UK Astronomers Home in on Exploding Comet
UK astronomers using the Isaac Newton Telescope (INT) in La Palma have been
tracking a comet that has brightened by a factor of a million over the last
week, enabling it to be seen with the naked eye.
Holmes enhanced to show the expanding cloud of dust.(Credit: T Naylor / A Fitzsimmons / C Brunt /
Last Monday night, Comet Holmes was a very faint object that needed a large
telescope to see it. On Tuesday night, two amateur astronomers in the Canary
Islands spotted it had suddenly got much brighter. Over the next 24 hours it
continued the trend until it had brightened by a factor of a million and could
clearly be seen without a telescope!
The comet is easy to see with by eye, as long as you are not in the centre of
a large town or city. It appears as a small fuzzy object as bright as a
medium-brightness star in the constellation Perseus. It is visible in the early
evening after dark in the north east sky, and is directly overhead by 1 o'clock
in the morning.
As word spread around the globe, Professor Alan Fitzsimmons of Queen's
University Belfast knew this was a once in a lifetime event and scrambled to
find a telescope that could observe this phenomenon. "Although comets have been
seen to undergo outbursts before, the scale of this dwarfed anything seen in the
past century", he said.
Luckily, Professor Tim Naylor and PhD student Cameron Bell from The
University of Exeter were using the 2.5m Isaac Newton Telescope (INT) that
evening. "Comets are not normally my thing" said Prof. Naylor who usually
studies star formation, "but it was an interesting technical challenge to
observe something so bright with a large telescope."
“On the first night we were only able to do it thanks to a filter left over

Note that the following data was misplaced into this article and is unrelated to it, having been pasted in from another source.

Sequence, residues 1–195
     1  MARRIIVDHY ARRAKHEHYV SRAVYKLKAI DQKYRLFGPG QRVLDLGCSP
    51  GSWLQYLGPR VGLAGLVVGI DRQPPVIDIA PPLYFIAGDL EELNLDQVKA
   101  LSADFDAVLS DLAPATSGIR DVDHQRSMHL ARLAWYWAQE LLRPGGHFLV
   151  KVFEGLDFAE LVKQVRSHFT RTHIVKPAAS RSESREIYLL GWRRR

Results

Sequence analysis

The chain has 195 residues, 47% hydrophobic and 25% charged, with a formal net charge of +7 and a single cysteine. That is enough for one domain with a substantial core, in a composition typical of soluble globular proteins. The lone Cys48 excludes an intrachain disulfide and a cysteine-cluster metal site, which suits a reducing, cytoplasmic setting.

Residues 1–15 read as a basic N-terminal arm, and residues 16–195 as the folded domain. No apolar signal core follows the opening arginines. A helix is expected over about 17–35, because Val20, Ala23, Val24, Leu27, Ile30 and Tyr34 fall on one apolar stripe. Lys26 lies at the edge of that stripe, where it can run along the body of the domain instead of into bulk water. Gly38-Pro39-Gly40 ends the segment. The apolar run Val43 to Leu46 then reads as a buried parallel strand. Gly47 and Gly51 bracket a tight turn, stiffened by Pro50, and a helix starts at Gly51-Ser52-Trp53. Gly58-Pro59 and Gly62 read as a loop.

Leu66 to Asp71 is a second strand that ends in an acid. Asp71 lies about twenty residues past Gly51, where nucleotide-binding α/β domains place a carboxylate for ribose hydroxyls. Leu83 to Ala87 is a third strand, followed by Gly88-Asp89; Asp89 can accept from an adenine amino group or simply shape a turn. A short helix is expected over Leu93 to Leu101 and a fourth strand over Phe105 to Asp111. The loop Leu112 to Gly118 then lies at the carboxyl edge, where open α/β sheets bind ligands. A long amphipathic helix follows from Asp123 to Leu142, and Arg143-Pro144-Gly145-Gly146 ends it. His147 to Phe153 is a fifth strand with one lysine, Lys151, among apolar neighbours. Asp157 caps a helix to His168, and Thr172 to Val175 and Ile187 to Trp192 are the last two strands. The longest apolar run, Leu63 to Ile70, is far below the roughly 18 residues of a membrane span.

from an old cosmology project which we used to cut down the light. It’s the
first time I've walked out of the control room, estimated by eye how bright an
object is, and then set my exposure time accordingly. The most fascinating bit
was watching the nucleus gradually separate from the cloud of dust, and
realising just how far out of the ordinary this comet is."
The images from the INT show an expanding circular cloud of gas and dust
emanating from the nucleus of the comet, together with a brighter cloud of
material. Professor Fitzsimmons said "From these images we can see the ejecta
moving away from the comet at 2,000 km per hour (1,300 miles per hour). The
total amount of material ejected is probably about 1% of the total mass of the
comet. On a smaller scale, it is like the Earth suddenly threw off its
It is not clear what caused this explosive event. One possibility is that it
was hit by a meteoroid. More probably there has been a build-up of gas under
part of the surface that catastrophically ruptured the surface last week.
Astronomers are now studying the event to try and determine the cause. There
is always the possibility of another outburst as well. "When this comet was
discovered in 1892 it was also undergoing an outburst" noted Professor
Fitzsimmons. "It underwent another one just ten weeks later. We'll have to keep
an eye on this one."
Also taking part in this study are Dr. Colin Snodgrass of the European
Southern Observatory, Dr. Hermann Boehnhardt of the Max-Planck Institute for
Solar System Research, and Dr. Tim Lister of the Las Cumbres Observatory.
- Gill Ormrod
Technology Facilities Council
Tel: +44 (0)1793 442
Mobile: 0781 8013 509
- Prof Alan Fitzsimmons
Astrophysics Research Centre
Queen's University Belfast
(0)2890 973 124
- Prof Tim Naylor
University of Exeter
Tel: +44 (0)1392 264 151
- Javier Mendez
ING Public Relations
Comet Holmes enhanced to show the expanding cloud of dust from the outburst more
clearly. The Earth is shown to scale at the lower right.
Further images of the comet, the telescope and a sky map showing where the
comet can currently be observed are available from Gill Ormrod in the STFC press
office (contact details above).
Comets are small icy bodies that orbit our Sun. When near the Sun, the comet
warms and ices on the surface 'boil off' to form its atmosphere and tails. Over
a thousand comets have been discovered orbiting our Sun.
Comet 17P/Holmes was discovered in 1892 by British amateur astronomer Edwin
Holmes. It takes 6.9 years to orbit the Sun once, and does not come close to the
planet Earth. Comet Holmes is currently 244 million kilometres from Earth and
368 million kilometres from the Sun.
The Isaac Newton Group of Telescopes (ING) operates the 4.2m William Herschel
Telescope (WHT), the 2.5m Isaac Newton Telescope (INT) and the 1.0m Jacobus
Kapteyn Telescope (JKT) on behalf of the Science and Technology Facilities
Council (STFC) of the United Kingdom, the Nederlandse Organisatie voor
Wetenschappelijk Onderzoek (NWO) of the Netherlands, and the Instituto de
Astrofísica de Canarias (IAC) in Spain. The ING is located at the Roque de Los
Muchachos Observatory, La Palma.
Page last updated: 31 October 2007 by Gill Ormrod